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  • Writer's pictureKim Sajet

She was much younger & did it in heels. Rosie the Riveter versus Uncle Sam.

Updated: Jul 6, 2019

This week the World heard that Naomi Parker Fraley one of the contenders for the original model of Rosie the Riveter died at the age of 96. Evidence produced by James J. Kimble cite photographs taken of Fraley working at the Naval Air Station in Alameda, California wearing the tell-tale polka-dot bandana and overalls.[i] Not shown in the famous poster/portrait produced later that year by J. Howard Miller to lift the spirits of Westinghouse Electric’s employees, is that she did it all in heels. [Fig. 2]

Fig. 1

Fig. 2

Fig. 3

Much has been written about the power of Rosie to serve as a beacon for women’s empowerment, co-opted over generations as a sign of female labor. [Fig. 1] To quote Margaret Thatcher “If you want something said, ask a man; if you want something done, ask a woman.”[ii] Less however, has been said about how Rosie the Riveter served as the female counter-point to Uncle Sam.

Uncle Sam, specifically the J.M. Flagg version of 1917, was based on a rendition of the British Secretary of State for War, Lord Kitchner. [Fig. 3] First appearing on July 6, 1916 as the cover of Leslie’s Weekly with the caption “What are you doing for Preparedness?” Flagg redesigned the image to famously exhort “I Want YOU for the U.S. Army.” Claiming himself as the model, Flagg demonstrated such a level of practicality that an impressed President Franklin Delano Roosevelt speculated about the artist’s ancestry with open approval, “I congratulate you on your resourcefulness in saving model. Your method suggests Yankee forbears.”[iii] [Fig. 4]

Fig. 4

Flagg’s Uncle Sam poster may have relied on the features of his thirty-nine year old self, but the white hair, bushy eyebrows, and stern patrician bearing has a long history dating back to the War of 1812, and an actual person called Uncle Sam Wilson who supplied food to the American troops in containers branded ‘U.S.’ Known to everyone as “uncle” due to family ties that seemed to include large portions of his community, Sam Wilson’s initials on his packaging mirrored the initials of the country, with the result that Uncle Sam Wilson's service became synonymous with the organization of the U.S. government. As early as 1813 the Troy Post reported that, “This cant name [Uncle Sam] for our government has got almost as common as John Bull;” the moniker attached to the personification of Great Britain.[iv]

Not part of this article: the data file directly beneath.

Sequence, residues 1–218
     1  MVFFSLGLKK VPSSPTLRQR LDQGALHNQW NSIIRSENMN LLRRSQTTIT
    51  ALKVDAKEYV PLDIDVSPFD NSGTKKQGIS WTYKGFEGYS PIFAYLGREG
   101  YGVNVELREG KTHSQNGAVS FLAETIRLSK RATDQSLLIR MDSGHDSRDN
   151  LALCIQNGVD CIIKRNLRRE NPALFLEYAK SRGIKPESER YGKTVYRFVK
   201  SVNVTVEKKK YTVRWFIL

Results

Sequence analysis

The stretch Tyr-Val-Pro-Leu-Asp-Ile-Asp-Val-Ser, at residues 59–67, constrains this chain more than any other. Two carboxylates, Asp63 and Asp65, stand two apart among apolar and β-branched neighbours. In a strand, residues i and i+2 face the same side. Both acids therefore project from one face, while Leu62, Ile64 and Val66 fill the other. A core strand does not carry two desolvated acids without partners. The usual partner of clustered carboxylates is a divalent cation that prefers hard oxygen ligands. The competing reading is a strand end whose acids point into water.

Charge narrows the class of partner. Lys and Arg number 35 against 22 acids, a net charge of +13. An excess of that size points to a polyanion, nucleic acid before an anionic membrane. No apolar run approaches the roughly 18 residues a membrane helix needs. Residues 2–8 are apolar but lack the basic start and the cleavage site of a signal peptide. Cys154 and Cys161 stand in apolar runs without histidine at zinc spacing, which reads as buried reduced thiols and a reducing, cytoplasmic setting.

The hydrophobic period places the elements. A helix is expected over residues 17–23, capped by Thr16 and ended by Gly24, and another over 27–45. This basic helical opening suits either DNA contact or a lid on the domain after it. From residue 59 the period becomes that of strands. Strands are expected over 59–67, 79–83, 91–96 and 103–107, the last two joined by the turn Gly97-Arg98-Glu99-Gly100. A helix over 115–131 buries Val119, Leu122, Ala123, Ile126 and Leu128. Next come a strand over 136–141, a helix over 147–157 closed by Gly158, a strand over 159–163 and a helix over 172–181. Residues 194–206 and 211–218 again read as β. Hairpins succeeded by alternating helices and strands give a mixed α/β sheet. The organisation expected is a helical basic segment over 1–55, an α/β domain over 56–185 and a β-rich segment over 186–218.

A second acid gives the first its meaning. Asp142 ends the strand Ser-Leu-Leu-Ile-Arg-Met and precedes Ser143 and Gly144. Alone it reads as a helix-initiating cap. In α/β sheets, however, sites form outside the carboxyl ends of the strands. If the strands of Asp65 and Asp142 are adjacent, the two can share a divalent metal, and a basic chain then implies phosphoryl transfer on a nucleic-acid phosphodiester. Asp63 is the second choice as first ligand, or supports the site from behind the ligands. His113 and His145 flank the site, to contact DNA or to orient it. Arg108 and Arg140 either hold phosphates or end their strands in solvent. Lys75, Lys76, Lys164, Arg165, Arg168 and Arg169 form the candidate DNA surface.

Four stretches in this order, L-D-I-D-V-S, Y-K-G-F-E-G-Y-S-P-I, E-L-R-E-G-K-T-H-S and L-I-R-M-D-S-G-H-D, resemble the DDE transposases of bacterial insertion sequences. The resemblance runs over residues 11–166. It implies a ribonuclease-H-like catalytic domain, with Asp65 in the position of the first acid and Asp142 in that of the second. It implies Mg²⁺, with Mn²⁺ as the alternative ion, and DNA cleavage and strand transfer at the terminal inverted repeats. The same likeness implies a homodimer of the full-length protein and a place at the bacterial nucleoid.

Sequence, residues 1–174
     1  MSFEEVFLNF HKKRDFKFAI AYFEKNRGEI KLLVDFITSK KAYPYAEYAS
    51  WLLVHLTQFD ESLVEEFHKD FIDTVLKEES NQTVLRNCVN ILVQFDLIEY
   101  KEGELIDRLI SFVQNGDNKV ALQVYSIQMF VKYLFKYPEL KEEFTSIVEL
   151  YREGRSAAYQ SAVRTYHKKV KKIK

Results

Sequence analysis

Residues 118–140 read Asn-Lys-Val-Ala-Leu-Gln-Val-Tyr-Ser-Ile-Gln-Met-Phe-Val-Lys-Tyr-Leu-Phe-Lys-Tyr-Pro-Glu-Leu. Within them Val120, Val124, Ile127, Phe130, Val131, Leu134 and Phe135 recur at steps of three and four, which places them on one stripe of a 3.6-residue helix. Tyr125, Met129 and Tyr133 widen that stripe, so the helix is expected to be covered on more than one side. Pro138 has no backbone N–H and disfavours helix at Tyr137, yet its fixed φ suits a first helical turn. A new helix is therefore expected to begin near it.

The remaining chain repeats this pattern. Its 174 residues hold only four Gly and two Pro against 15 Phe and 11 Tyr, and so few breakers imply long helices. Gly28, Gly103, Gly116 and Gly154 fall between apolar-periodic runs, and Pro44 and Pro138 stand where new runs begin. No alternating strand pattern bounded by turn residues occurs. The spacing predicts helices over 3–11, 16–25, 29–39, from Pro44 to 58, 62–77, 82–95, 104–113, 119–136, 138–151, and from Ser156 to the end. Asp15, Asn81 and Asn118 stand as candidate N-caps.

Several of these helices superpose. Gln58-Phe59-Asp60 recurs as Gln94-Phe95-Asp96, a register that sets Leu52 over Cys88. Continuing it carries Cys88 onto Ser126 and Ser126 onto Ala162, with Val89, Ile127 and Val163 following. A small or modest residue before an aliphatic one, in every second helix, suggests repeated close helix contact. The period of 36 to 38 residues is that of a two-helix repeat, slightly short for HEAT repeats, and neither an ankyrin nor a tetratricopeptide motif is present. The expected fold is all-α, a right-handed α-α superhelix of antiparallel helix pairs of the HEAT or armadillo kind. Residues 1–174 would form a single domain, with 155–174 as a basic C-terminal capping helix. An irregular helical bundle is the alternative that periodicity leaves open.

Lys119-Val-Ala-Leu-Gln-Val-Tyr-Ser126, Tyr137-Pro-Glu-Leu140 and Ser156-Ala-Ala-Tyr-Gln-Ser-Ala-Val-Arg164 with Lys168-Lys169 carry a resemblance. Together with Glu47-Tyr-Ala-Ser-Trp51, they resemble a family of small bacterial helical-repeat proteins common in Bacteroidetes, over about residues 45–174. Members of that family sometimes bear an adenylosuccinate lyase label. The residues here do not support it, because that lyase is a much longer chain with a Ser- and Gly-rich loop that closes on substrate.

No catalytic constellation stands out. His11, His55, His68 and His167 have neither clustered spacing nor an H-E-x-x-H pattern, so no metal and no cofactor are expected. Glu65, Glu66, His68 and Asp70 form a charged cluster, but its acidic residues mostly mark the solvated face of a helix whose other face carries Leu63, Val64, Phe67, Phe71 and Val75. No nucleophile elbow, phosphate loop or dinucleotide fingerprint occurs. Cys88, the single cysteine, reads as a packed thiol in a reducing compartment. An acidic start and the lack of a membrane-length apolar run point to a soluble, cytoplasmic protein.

Pictorially, in the early years Uncle Sam was clean-shaven, amiable—even slightly goofy—wearing a stars and stripes dressing gown and liberty cap. But during the Civil War under the administrations of the cartoon satirist Thomas Nast in particular, Sam acquired a beard, lanky frame and gaunt features that closely resembled President Abraham Lincoln. A querulous ‘elder statesman,’ in top hat, tails, and matching red and white striped pants, Uncle Sam during the 1860s became a symbol of the Union cause, dispensing advice and exhorting citizens to do their patriotic duty. After the war, and into the twentieth century, his persona broadened to represent the federal government in general with a serious mien, and depending on the circumstance was either nonpartisan or wore the attitudes of the prevailing party. [Fig. 5]

Fig. 5

J. Howard Miller’s 1942 poster of Rosie the Riveter in the collection of the Smithsonian’s National Museum of American History is current on display at the National Portrait Gallery’s exhibition The Sweat of their Face: Portraying American Workers. As the curators point out, women were convinced by President Roosevelt to do their patriotic duty during World War II by seeing imagery developed by the Office of War Information.[v] Suggesting that women already had all the skills to work in factories and still retain their femininity, advertisements created by teams of artists and copy-editors reasoned, "Can you use an electric mixer? If so, you can learn to operate a drill.” [Fig. 6] Their direct appeals to women helped increase the domestic labor force by 6.5 million as men left to serve in the military.[vi]